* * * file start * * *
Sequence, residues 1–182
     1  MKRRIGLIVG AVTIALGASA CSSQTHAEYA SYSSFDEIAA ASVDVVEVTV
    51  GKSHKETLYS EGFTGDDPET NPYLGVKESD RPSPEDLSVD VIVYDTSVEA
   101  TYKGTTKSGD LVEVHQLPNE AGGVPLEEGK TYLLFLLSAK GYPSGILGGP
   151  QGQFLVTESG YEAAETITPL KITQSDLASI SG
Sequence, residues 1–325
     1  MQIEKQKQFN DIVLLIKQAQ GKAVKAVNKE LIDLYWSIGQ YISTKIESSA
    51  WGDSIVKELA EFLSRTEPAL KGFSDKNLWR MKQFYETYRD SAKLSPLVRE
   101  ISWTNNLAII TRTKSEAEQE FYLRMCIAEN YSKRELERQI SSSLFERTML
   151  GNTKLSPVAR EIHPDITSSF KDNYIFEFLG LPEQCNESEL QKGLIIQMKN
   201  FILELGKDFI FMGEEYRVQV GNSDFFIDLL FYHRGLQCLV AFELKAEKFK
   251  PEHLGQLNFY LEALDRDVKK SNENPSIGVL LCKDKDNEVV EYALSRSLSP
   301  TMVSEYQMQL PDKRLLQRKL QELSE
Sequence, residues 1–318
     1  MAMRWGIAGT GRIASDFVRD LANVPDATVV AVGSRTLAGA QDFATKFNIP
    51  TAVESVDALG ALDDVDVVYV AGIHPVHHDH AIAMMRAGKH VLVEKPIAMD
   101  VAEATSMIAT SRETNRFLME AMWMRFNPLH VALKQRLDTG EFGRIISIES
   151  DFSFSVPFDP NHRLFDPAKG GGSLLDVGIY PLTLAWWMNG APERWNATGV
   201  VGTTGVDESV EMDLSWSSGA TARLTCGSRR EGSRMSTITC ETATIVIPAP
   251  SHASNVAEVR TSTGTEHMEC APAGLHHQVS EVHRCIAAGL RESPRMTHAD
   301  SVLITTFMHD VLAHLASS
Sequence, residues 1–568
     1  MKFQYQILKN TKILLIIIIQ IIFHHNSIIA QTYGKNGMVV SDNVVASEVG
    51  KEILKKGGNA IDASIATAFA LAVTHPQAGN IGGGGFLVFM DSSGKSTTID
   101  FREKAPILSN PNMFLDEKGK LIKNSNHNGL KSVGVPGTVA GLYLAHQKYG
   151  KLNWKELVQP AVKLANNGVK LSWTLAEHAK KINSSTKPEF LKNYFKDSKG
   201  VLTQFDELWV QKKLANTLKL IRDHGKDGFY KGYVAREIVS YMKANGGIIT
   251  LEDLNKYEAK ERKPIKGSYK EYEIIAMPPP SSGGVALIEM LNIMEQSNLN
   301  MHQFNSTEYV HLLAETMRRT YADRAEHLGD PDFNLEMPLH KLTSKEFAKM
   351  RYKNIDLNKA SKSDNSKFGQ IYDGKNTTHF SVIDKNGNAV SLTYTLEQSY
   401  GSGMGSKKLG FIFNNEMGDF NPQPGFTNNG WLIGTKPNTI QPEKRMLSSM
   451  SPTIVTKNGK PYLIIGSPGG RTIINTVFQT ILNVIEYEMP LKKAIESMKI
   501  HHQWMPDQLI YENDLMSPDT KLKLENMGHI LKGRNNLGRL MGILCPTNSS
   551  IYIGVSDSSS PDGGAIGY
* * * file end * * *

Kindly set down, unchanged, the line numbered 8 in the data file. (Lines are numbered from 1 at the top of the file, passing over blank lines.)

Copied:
    51  WGDSIVKELA EFLSRTEPAL KGFSDKNLWR MKQFYETYRD SAKLSPLVRE